Mulawarman Museum, Captures the Traces of 700 Years of Civilization

Mulawarman Museum

Helloindonesia.id – A trip to Tenggarong will not be complete without a stop at the Mulawarman Museum. Here we can learn a glimpse of the history of the sultanate that once triumphed for approximately 7 centuries and controlled most of the Kutai Kertanegara area, East Kalimantan.

In this museum building that once functioned as the sultanate palace, visitors can see various collections of objects from the sultanate and the rich culture of Kutai.

This palace was founded around 1936, namely during the reign of Adji Muhammad Parikesit. The building stands on an area of ​​2,270 square meters, with the main door facing directly to the east.

The construction of the building was carried out by Hollandsche Beton Maatschappij (HBM) with the design being carried out by an architect named Charles Marie François Henri Estourgie. This palace is influenced by the architectural style of European buildings, equipped with a basement and a large hall in the middle of the building.

This palace is the first Kutai Kartanegara Sultanate palace built with concrete. The palaces that had been built before were made of wood, which made it easy to rot and burn. As was the case with the previous palace building which was built during the reign of Sultan Aji Muhammad Alimuddin (1899-1910 AD).

After the independence period, the Kutai Sultanate merged with the Republic of Indonesia and this palace was no longer used because the era of the sultan’s rule officially ended. The palace was then handed over to the local government of East Kalimantan on November 25, 1971, which was later handed over to the Ministry of Education and Culture as a state museum.

As a museum, this building stores various collections of historical objects, most of which are dominated by relics belonging to the Kutai Sultanate. Among these collections, among others, the throne of the Sultan and his Empress made by Ir. van der Lube in 1935. In addition, there are a pair of gold-plated oxen statues made in 1850, which are sacred animals, the official symbols of the sultanate.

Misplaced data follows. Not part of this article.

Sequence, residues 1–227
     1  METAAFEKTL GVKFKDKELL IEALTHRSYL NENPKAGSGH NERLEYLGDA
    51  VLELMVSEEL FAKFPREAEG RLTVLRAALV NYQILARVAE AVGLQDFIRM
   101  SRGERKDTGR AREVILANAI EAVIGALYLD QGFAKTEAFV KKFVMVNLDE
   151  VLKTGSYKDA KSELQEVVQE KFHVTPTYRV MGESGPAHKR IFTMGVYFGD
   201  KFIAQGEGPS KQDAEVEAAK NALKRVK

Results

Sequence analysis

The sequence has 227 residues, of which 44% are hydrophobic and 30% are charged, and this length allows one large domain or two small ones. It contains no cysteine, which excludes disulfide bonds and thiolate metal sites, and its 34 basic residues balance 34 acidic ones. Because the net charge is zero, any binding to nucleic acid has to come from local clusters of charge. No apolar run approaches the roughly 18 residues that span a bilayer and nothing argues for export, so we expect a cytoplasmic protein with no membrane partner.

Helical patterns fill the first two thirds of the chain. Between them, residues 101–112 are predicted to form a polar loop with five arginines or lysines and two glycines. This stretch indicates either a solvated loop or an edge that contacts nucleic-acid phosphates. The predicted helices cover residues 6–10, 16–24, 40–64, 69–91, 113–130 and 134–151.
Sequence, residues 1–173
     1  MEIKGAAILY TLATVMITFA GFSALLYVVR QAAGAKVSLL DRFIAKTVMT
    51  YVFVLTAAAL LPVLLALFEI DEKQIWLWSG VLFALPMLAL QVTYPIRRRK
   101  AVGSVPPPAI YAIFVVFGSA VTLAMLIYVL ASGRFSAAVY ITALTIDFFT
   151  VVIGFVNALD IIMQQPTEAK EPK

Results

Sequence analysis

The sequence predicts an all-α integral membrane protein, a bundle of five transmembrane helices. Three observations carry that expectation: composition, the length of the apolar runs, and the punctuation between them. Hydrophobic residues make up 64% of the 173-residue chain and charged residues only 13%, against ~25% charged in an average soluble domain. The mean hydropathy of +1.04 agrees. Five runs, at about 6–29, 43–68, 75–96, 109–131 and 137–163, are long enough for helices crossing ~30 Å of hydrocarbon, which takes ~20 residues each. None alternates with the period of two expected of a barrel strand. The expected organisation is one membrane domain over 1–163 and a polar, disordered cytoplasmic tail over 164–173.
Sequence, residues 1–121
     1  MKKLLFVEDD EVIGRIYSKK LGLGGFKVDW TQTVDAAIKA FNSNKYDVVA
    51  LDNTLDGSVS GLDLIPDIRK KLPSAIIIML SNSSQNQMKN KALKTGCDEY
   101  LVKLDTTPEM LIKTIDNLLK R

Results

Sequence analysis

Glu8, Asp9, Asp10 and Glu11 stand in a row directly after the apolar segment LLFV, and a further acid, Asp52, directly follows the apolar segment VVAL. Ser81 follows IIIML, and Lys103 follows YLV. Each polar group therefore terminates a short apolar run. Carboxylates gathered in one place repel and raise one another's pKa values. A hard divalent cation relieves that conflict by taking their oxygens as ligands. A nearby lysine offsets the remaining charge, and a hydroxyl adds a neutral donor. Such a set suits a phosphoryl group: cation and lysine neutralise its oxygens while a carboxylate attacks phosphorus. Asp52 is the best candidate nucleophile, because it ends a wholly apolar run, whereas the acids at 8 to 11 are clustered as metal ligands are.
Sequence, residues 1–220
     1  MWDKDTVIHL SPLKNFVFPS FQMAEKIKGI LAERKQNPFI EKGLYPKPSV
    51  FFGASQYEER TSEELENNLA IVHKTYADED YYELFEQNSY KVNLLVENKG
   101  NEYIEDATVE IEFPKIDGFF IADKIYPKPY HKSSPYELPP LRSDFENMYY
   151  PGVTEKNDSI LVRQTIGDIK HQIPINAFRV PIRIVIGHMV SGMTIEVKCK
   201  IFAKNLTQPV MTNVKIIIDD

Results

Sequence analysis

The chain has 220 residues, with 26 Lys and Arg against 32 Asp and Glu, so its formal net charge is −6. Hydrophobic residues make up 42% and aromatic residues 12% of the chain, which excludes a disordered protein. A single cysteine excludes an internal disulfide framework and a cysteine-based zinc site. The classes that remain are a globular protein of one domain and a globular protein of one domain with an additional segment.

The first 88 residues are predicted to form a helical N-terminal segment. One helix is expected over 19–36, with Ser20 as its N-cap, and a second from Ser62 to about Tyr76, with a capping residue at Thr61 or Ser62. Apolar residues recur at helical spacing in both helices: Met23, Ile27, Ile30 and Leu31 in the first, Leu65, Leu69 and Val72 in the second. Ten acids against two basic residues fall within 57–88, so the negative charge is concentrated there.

Other sultanate relics are the oversized clothes of the Kutai Sultans, traditional weapons, traditional ceremonial instruments of the sultanate and gamelan instruments as gifts from the Sultanate of Yogyakarta Hadiningrat.

Outside of the collection, we can also find guest table sets from the Bulungan Sultanate. Collections of ancient ceramics and numismatic (currency) relics found in the Kutai area can also be seen here. There is also an imitation of the Yupa inscription found in Muara Kaman, which is a marker of the transition of pre-historic times in the East Kalimantan region.

We can also see and learn various knick-knacks of traditional clothing from various tribes in East Kalimantan, one of which is the doyo ulap weaving which is the original textile of the Benuaq Dayak tribe. [Ardee/IndonesiaKaya]

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